The Daily Tar Heel

Serving the students and the University community since 1893

Thursday October 28th

18th Annual Carrboro Music Festival continues, despite rain

Despite the weather, sound check didn't turn into a rain check at 18th annual Carrboro Music Festival. 

Many still came from all over country to watch more than 180 local bands perform in two days. 

Amber Hayes, member of the Carrboro Music Festival Committee and daughter of the festival's founder, Jackie Helvey, said it was the second year they had to cancel the festival because of the rain, so certain performances with outdoor venues were canceled. 

“I mean a lot of people hate that it was canceled, but a lot of the bands are from here, so they kind of remotely set up and just played anyways, which I thought was really cool,” Hayes said.

Angela Romatzick, the volunteer coordinator, said that because of the weather, they had a lot of last-minute changes. She said many people in the community reached out to offer assistance. 

“It was really impressive how many people came by and asked if we needed help. It was a good representation of a community and a town,” Romatzick said.

Carrboro’s recreation supervisor, Rah Trost, said the festival is the town's largest event, drawing close to 12,000 to 14,000 people each year. Because some outdoor venues were closed this year, there was a lighter turnout. 

Hayes said she’s been involved with the festival from the start. 

“I love this festival," she said. "I think it’s definitely evolved over the last 10 years.”

Hayes said the original festival originated from Fête de la Musique, a French festival where on summer solstice, people would shut down the whole town and play music all over. 

“We were one of three cities in the U.S. that hosted this festival, but it’s too hot on summer solstice in North Carolina, so we changed the name and date," Hayes said. "Now it’s called the Carrboro Music Festival and has been for many years."

Romatzick said she likes working with the event because it brings the community together. 

“It’s an opportunity for the community to come together and for people from outside of Carrboro to have a reason to come and check it out. It also gives local bands exposure and turns people on to different kinds of music that they might not normally hear,” Romatzick said.

Dennis Joines, Carrboro's recreation administrator, said the recreation department began to start working with the festival planning committee more than a decade ago to help organize and run the event more effectively. 

“There’s a citizen planning committee, and the recreation department works with them,” he said. “We provide a lot of the support base for them; staffing, equipment, supplies.”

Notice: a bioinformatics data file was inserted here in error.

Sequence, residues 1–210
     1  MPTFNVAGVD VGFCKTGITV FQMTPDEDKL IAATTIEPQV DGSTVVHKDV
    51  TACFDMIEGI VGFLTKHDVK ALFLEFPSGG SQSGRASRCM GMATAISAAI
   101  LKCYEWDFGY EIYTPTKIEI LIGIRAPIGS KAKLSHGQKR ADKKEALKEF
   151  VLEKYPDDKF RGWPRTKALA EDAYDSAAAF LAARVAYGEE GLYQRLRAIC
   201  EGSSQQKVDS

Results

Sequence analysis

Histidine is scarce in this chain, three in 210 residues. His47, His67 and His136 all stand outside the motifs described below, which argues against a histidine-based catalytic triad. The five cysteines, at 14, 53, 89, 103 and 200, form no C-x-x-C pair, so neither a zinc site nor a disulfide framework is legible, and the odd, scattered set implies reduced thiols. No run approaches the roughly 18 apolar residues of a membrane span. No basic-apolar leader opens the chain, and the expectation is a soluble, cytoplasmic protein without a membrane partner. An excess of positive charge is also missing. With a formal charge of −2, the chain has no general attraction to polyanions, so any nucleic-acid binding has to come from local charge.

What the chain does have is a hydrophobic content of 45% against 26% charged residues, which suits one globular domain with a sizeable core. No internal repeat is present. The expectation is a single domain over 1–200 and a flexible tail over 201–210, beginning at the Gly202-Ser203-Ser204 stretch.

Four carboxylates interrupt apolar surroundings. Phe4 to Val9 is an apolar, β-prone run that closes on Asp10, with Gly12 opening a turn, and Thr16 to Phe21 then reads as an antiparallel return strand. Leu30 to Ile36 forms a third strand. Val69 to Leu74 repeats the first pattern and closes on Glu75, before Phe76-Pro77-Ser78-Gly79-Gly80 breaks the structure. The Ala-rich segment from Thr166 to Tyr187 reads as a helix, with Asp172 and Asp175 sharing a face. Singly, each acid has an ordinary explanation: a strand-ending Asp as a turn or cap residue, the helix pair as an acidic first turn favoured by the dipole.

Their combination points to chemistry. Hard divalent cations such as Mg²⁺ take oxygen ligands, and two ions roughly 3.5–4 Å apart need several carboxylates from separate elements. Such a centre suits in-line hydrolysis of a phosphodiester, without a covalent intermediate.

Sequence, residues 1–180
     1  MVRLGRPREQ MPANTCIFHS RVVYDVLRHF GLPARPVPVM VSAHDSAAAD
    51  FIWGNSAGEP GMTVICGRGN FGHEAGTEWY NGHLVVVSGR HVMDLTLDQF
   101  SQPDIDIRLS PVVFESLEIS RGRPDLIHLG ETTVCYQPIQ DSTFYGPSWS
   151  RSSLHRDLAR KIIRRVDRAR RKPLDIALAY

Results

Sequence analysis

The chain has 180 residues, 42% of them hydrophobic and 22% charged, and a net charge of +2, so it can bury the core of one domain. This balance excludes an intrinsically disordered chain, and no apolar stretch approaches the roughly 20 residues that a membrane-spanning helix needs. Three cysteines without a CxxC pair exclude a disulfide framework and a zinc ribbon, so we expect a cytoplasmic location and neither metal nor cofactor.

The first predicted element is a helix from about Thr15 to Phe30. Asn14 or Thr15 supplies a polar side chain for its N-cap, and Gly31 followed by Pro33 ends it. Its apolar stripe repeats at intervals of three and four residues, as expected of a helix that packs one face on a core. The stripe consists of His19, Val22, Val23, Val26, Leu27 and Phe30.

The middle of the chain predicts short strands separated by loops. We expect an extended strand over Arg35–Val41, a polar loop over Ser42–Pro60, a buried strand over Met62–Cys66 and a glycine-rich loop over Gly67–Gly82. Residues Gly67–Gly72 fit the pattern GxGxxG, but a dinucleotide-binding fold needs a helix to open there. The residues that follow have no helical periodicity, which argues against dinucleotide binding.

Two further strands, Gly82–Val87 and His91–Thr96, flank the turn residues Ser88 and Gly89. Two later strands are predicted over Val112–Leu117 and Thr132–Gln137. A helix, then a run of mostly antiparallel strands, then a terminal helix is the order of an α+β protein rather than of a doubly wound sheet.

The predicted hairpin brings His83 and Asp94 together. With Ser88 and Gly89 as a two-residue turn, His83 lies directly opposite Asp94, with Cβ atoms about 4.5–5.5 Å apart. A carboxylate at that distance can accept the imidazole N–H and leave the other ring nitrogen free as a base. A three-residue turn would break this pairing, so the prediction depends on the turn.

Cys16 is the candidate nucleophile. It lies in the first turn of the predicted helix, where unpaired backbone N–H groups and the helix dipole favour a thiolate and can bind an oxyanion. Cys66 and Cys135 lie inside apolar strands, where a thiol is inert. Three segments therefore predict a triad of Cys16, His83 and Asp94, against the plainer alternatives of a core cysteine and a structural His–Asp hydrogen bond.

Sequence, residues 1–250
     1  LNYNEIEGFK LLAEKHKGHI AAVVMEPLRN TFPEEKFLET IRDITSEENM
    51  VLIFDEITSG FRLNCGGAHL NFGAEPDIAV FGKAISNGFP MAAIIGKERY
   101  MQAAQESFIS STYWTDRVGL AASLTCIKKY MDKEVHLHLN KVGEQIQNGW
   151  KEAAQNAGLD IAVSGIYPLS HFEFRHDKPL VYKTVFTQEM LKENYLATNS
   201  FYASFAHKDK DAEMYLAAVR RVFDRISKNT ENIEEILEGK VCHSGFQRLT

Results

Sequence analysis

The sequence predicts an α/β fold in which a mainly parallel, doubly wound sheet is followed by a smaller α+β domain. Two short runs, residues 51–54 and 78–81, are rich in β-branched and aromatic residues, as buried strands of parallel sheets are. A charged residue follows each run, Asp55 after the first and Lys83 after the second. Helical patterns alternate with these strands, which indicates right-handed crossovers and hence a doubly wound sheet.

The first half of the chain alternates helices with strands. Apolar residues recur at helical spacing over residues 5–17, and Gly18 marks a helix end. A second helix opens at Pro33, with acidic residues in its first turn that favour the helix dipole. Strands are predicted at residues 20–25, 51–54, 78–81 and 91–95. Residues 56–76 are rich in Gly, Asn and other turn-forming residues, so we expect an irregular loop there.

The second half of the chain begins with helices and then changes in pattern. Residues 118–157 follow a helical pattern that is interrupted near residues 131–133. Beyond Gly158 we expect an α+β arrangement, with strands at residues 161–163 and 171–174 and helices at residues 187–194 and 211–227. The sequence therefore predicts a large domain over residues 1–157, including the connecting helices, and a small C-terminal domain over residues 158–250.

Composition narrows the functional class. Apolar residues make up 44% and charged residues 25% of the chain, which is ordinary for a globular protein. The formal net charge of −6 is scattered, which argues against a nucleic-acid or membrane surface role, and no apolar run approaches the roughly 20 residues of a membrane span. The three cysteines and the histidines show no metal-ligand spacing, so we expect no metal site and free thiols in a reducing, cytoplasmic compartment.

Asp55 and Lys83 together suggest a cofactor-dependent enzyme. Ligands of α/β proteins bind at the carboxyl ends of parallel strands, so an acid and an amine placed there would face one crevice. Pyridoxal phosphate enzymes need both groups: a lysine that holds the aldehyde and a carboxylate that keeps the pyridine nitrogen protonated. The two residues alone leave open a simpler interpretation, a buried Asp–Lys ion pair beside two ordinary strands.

He said his favorite part about the festival is the number of bands and stages they have in one day.

“When you can have 180 bands, 25 different stages, that’s a pretty unique setting,” Joines said.

Trost said it was her fourth year coordinating the festival. 

Trost said there’s a lot of logistics in the planning, which takes approximately nine months.

“I just really like seeing people enjoying music and being outdoors and having the ability to take in so much variety, and it’s just a really good time for people — it’s a good vibe. It really is a friendly, art-oriented community.”

Jim Dennis, the music festival coordinator, worked with Trost to organize the Carrboro Music Festival. He was a part of the executive committee to listen and approve band applications. He said picking the bands seems easy, except when band members play for multiple bands, which can make scheduling difficult. 

“It’s like Tetris hand grenades. It’s really quite a matrix to put that together, but even with all of these personalities and artists, they’ve all been extremely gracious, so that has made my job much easier,” Dennis said.

Trost said she has a great work dynamic with Dennis. 

“It’s a good match; it really is a team effort,” she said.

Grace Senior said she has been going to the festival ever since she moved to Carrboro from Detroit five years ago. She currently books gigs for her friend’s band and also plays music herself. 

Senior also said she’s enjoyed meeting all of the artists and hearing about how they got started in the music industry.

“Everyone has such a different story and such different motivation for playing music, but you know essentially all musicians are just artists trying to express themselves,” Senior said.

“There’s really different types of people from the Triangle. When they all mix together, it just creates awesomeness."


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